I think that Reisz has the potential to be a great writer.
Tripping to Somewhere was one of those books that’s flawed in ways that make it, for me, more exciting and more interesting than a lot of books that are technically better constructed. So I was half-excited when I saw Unleashed on the processing shelf – I didn’t even know he had a new book coming out. And a werewolf book at that!
Misty is a poor, biracial girl who has discovered the one ray of light in her dead-end life: magic mushrooms. Mushrooms that allow her and her friends to transform into wolves. Daniel is a little better off, by no means rich, but his family has scrimped and saved to allow him to get a college admissions counselor. He ends up bowing to family pressure and getting a fake ADHD diagnosis to get more time on the SATs and – eventually – admission to Cornell. They meet, strike up a romance, and soon Daniel is part of Misty’s wolf pack, torn between the freedom he finds there and the life his parents have planned for him.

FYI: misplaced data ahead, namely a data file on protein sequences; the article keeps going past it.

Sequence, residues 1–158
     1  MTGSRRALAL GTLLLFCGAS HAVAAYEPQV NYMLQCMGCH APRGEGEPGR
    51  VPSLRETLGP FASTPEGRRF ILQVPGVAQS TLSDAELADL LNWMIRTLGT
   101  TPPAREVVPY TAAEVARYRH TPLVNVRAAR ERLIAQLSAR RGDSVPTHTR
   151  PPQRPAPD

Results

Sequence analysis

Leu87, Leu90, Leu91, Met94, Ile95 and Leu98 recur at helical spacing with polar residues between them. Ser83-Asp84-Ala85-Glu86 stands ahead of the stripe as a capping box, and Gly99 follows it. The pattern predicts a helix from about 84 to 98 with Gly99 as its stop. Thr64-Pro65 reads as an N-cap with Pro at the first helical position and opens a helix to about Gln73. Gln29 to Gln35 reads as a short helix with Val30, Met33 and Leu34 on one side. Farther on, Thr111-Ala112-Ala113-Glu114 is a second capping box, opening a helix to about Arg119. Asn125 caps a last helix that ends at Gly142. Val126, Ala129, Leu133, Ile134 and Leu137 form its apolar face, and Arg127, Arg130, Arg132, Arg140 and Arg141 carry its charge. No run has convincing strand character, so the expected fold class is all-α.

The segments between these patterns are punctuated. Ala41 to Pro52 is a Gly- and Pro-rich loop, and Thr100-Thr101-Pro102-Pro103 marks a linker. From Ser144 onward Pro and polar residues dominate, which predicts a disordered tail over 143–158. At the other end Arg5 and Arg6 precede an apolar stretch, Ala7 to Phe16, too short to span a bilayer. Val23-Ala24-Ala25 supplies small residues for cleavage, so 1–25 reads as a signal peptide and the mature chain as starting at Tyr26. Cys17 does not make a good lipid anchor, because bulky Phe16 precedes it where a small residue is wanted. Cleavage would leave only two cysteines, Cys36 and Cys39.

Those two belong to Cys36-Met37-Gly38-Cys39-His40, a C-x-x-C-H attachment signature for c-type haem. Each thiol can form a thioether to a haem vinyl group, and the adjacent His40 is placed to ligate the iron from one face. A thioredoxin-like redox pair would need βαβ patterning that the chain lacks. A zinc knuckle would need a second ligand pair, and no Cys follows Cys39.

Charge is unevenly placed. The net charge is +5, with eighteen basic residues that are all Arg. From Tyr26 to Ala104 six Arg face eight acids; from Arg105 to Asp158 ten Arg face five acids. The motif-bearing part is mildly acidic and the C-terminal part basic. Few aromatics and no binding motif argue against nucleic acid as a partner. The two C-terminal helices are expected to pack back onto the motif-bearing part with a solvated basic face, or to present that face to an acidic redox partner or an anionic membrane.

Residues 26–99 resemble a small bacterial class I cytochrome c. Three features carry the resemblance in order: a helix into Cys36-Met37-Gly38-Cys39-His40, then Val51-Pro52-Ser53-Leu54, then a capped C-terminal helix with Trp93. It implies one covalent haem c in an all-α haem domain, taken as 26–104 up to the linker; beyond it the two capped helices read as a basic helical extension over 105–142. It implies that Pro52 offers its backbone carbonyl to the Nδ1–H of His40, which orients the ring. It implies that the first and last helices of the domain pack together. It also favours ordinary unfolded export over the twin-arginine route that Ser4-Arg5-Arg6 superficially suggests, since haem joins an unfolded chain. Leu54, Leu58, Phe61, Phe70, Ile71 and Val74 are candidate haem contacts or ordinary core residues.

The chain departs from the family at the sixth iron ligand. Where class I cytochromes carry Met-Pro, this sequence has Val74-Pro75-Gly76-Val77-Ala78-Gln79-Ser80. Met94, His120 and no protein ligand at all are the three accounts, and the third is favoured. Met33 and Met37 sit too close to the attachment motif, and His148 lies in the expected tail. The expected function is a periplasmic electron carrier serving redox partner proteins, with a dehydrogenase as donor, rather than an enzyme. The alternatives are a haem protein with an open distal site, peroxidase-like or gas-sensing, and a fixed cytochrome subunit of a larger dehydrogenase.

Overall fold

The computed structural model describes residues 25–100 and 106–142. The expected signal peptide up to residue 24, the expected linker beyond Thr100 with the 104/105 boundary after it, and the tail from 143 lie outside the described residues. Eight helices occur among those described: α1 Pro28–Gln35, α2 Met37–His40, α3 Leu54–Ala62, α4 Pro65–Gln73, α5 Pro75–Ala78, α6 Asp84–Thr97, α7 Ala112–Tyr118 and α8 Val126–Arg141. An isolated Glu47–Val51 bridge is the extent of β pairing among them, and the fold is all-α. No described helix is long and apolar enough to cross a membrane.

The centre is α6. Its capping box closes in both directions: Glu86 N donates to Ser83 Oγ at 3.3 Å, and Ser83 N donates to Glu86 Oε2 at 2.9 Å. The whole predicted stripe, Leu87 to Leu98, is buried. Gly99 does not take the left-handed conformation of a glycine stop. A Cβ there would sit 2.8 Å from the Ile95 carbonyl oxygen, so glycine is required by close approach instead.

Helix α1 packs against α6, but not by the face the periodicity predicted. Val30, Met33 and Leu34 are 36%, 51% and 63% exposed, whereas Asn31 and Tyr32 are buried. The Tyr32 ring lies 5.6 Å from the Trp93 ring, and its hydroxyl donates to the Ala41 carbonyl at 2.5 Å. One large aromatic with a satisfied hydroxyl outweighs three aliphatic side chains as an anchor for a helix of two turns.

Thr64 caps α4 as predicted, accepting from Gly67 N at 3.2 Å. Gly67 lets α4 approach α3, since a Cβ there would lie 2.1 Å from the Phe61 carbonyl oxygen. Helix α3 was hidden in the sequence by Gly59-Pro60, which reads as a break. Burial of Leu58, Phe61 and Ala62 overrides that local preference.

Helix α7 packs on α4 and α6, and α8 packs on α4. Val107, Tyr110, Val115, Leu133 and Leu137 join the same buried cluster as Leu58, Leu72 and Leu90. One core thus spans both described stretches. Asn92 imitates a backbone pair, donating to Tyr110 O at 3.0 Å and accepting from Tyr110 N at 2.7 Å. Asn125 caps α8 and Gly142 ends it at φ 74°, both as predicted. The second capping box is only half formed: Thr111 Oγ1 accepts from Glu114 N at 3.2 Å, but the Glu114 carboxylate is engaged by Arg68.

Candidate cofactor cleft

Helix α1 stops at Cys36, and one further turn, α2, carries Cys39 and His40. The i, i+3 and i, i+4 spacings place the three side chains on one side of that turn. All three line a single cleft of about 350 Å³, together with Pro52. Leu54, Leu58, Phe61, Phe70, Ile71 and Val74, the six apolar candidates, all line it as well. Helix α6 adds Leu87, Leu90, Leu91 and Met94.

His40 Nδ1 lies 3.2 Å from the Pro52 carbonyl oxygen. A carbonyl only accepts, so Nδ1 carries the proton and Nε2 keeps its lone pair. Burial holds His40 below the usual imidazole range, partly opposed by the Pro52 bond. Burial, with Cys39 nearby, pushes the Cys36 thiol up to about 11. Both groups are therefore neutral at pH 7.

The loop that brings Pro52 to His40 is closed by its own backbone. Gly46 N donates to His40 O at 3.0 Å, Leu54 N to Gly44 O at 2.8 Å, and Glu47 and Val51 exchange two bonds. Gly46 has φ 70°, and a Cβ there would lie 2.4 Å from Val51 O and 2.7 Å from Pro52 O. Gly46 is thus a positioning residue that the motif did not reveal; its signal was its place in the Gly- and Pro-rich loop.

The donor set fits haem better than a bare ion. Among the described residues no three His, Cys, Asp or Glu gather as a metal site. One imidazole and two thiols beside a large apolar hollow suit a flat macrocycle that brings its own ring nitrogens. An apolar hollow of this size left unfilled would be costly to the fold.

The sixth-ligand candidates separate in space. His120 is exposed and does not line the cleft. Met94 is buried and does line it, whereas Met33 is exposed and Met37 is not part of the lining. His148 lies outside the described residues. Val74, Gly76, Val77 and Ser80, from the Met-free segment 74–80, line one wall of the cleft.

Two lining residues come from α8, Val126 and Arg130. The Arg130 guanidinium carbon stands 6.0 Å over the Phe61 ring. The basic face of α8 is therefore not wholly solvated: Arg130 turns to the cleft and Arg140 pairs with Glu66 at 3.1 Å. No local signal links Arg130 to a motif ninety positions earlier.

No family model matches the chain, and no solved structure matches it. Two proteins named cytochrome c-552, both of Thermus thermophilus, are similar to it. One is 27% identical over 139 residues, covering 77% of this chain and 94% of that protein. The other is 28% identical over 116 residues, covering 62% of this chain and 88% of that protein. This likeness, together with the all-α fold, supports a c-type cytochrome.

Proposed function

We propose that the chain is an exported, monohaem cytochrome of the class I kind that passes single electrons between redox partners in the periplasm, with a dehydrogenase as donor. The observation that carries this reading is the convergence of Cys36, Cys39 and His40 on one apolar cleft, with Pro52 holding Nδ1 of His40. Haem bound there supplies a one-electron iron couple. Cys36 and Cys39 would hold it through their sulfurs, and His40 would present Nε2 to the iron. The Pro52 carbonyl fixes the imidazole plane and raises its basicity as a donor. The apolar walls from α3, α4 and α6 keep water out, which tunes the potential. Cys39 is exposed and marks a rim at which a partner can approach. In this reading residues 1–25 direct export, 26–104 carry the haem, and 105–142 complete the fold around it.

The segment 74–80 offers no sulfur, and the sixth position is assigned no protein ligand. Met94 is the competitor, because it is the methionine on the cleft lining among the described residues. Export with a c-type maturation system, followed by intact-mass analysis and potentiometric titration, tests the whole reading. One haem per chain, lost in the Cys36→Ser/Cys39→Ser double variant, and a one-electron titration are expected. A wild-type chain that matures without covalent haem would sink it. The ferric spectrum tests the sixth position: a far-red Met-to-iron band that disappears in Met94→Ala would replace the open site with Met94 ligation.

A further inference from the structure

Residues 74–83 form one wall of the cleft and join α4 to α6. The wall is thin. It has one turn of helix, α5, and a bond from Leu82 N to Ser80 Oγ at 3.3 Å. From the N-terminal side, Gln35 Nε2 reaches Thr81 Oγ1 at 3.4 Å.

There are a lot of fascinating themes and ideas here. There’s the decay in Birmingham, Alabama, the “rot-eater god” of the magic mushrooms, which is resonant and beautifully depicted. And there’s the conflict between wildness and civilization – which is much clunkier, I thought. The idea that the majority of people are shallow, civilized, boring and bored, is a dumb high-school conceit. It’s an utter cop-out. You can’t dismiss the majority of humanity as “hand-lickers” that easily.
Generally, the book is weighed down by lumps of exposition, way too much telling instead of showing, way too little subtlety. And it lacks the crazy, reckless energy that redeemed many of the faults of Tripping to Somewhere. Still, it did show flashes of brilliance. Still, I think Reisz will be a great writer someday.